On April 16, 39 employees from MassGeneral Hospital for Children (MGHfC) and Massachusetts General Hospital laced up their running shoes for the 122nd annual Boston Marathon. To wish them well, Mass General hosted a send-off celebration on April 12 for their incredible 26.2-mile journeys.
“It is important now to take a moment and be proud of yourselves and what you’ve already accomplished,” said Lindsay Carter, MD, the celebration’s keynote speaker, pediatric hospitalist and inpatient director of Quality and Safety at MGHfC. “In my house, we have a saying that the negative screams, but the positive only whispers. It’s different on marathon day - the positive literally screams at you for 26.2 miles. Let’s go out there and be Boston Strong, MGH proud and have an awesome race day.”
Also at the celebration was Jessica Kensky, RN, and her husband, Patrick Downes, of Cambridge, Mass. Kensky, a former oncology nurse on Lunder 10 at Mass General, and Downes were injured in the 2013 Boston Marathon bombing. Kensky lost her left leg below the knee and later opted to amputate her right leg after a difficult recovery. Downes also lost his left leg. Together, they recently published a book called “Rescue and Jessica: A Life-Changing Friendship,” about Kensky’s relationship with her service dog, Rescue, a jolly black lab with a big heart.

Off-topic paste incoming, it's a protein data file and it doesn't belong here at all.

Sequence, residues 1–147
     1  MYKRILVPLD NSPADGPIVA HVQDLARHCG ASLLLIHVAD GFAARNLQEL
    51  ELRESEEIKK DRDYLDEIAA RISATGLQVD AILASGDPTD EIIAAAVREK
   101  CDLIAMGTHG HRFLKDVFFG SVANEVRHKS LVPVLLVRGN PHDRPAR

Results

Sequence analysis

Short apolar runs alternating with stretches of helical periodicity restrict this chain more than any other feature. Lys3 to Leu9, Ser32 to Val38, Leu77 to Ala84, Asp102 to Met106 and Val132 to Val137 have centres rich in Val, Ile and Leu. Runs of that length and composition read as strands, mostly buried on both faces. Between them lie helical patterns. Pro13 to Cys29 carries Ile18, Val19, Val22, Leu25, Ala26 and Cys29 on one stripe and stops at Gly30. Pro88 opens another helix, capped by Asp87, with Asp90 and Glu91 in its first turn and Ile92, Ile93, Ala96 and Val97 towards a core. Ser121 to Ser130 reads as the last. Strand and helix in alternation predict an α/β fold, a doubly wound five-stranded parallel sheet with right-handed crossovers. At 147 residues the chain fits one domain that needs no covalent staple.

“The marathon has great meaning in our house, as does Mass General. After the bombing, we became recipients of all the love and care we show our patients every day as providers,” said Kensky. “Our journey has been a long one and although ours was very sudden and public, it’s not unlike many of the journeys our patients take every day in a more private way.”
For many runners, the marathon route is a course full of triumph, doubt and many more ups and downs. “When you’re on the marathon course, it is the most spiritual of experiences,” said Downes, who also lost his left leg in the bombing. “Marathon day is a celebratory day for us and we are grateful to all of you who run and care for your patients and families.”
The send-off came to a close with wise words from Ted Karras, offensive lineman for the New England Patriots, who visited pediatric patients in Pediatric Hematology and Oncology at MGHfC earlier that day. “Running a marathon is such an accomplishment and I wish you all well,” said Karras. “Always remember why you’re running. It’s what brings you back to your purpose and why you do what you do.”